Lucid dreaming in children: The UK library study

  • Michael Schredl (Author)
    Central Institute of Mental Health, Mannheim, Germany
  • Josie Henley-Einion (Author)
    Department of Psychology, Swansea University, United Kingdom
  • Mark Blagrove (Author)
    Department of Psychology, Swansea University, United Kingdom

Identifiers (Article)

Abstract

The term lucid dream designates a dream in which the dreamer, while dreaming, is aware he or she is dreaming. Whereas lucid dreaming has been studied in adults, large-scaled surveys in children are scarce. The sample here included 3579 children for the ages from 6 to 18 who completed a brief questionnaire distributed in UK libraries. 43.5% reported having had at least one lucid dream. As hypothesized, incidence of lucid dreams was most strongly associated with the preference for reading fantasy/science-fiction. Whether lucid dreaming might be beneficial for children in skills training or coping with nightmares are interesting topics for future research.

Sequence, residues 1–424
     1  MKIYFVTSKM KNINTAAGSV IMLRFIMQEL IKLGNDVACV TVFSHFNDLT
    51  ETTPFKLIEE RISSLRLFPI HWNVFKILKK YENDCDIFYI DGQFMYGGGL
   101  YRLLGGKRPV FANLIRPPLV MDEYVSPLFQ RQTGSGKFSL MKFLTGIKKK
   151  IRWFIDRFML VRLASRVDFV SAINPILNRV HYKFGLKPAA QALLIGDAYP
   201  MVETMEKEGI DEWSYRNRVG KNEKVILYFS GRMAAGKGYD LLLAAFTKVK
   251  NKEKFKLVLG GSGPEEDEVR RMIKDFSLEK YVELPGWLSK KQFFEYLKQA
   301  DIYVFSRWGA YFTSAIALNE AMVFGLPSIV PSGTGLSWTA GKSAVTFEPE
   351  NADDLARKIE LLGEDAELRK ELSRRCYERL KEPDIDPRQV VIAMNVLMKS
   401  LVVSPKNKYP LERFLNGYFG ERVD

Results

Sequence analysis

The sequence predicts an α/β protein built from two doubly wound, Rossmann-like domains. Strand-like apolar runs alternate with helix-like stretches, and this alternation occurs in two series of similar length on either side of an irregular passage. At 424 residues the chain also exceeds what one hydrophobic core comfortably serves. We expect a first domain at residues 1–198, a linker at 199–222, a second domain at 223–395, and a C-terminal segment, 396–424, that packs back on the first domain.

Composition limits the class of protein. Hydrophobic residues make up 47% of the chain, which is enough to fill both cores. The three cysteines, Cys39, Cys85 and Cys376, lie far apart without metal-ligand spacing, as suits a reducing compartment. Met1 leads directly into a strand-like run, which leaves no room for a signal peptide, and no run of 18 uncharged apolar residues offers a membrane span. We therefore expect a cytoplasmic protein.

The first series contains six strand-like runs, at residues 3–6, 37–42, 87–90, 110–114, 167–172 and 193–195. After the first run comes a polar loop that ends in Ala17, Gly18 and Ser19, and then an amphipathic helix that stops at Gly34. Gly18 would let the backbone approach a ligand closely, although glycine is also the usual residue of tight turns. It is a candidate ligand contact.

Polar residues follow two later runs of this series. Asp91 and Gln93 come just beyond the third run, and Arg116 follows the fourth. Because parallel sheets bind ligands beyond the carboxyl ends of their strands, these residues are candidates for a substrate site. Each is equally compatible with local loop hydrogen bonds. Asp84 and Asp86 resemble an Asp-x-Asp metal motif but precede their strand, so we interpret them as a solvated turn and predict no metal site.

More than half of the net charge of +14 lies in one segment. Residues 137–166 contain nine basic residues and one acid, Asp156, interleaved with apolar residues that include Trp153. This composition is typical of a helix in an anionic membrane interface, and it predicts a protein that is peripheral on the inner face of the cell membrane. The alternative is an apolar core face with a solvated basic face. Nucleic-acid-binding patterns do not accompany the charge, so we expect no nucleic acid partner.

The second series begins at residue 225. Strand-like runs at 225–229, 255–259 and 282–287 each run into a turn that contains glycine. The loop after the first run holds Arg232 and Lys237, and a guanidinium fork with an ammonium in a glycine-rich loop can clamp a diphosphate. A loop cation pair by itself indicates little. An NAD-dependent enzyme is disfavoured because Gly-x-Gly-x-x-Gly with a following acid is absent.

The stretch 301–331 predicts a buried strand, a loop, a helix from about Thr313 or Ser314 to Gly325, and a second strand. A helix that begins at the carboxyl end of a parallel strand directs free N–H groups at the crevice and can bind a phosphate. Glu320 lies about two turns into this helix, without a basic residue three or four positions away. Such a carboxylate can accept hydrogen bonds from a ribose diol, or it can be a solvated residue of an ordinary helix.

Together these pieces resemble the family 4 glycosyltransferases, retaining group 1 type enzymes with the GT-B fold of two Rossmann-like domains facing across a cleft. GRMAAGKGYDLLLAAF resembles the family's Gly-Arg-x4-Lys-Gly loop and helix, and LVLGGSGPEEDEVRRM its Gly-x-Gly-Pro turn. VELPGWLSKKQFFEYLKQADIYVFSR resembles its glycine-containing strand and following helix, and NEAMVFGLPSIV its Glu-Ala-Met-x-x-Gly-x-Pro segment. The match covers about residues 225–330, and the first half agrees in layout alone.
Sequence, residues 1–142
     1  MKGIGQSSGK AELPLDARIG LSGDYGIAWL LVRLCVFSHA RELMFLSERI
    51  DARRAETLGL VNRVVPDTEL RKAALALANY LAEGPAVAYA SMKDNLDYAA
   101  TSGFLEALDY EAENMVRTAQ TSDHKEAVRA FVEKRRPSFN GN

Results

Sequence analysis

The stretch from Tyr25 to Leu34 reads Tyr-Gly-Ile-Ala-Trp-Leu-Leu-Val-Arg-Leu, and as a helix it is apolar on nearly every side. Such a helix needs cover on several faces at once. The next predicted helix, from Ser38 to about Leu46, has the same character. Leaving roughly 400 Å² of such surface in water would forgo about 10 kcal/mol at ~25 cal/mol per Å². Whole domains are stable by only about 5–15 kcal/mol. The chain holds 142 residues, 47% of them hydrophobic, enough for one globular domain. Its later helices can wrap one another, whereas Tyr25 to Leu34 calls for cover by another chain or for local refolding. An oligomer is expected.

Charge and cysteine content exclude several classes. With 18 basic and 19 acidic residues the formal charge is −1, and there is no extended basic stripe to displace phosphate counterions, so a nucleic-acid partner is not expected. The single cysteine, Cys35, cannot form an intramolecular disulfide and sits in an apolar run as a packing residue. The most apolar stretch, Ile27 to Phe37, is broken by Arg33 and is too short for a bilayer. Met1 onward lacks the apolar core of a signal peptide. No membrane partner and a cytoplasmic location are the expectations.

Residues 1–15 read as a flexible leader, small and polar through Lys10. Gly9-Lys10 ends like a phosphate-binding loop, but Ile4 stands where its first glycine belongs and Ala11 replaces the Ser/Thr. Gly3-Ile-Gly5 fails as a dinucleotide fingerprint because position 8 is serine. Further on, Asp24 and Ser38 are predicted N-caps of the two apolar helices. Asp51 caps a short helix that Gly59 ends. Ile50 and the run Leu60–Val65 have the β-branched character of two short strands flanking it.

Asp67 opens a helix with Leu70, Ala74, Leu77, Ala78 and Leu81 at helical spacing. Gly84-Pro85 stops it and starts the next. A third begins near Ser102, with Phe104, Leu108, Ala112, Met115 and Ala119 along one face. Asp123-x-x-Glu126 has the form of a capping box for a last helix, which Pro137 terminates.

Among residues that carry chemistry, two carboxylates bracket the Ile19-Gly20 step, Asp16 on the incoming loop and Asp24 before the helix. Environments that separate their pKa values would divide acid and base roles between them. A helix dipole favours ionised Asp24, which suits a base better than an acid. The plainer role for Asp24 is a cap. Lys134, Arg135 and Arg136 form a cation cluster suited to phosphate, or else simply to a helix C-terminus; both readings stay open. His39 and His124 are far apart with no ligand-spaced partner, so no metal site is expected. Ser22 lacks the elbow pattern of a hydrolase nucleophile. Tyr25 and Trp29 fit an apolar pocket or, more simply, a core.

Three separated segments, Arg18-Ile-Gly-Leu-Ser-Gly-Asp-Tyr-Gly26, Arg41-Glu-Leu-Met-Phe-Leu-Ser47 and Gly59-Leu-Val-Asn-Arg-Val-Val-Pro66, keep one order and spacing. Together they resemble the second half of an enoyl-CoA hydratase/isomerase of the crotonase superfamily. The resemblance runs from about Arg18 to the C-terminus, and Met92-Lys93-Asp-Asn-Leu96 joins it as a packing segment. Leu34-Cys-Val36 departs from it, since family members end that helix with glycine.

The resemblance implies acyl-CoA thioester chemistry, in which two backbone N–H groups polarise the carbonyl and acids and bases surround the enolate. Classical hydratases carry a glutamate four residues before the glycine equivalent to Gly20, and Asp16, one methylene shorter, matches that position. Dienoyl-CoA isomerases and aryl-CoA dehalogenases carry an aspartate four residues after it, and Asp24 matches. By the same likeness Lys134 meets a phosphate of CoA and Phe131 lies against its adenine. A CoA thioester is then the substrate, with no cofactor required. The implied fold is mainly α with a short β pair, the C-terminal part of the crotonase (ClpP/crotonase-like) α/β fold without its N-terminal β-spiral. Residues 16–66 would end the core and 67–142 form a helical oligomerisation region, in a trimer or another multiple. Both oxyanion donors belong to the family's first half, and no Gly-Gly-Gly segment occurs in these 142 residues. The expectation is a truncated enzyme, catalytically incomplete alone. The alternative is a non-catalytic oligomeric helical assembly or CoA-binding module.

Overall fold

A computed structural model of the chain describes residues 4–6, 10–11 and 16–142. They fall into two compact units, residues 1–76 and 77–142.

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Published
2012-04-27
Language
en
Keywords
lucid dreaming; children; book preferences
How to Cite
Schredl, M., Henley-Einion, J., & Blagrove, M. (2012). Lucid dreaming in children: The UK library study. International Journal of Dream Research, 5(1), 94-98. https://doi.org/10.11588/ijodr.2012.1.9274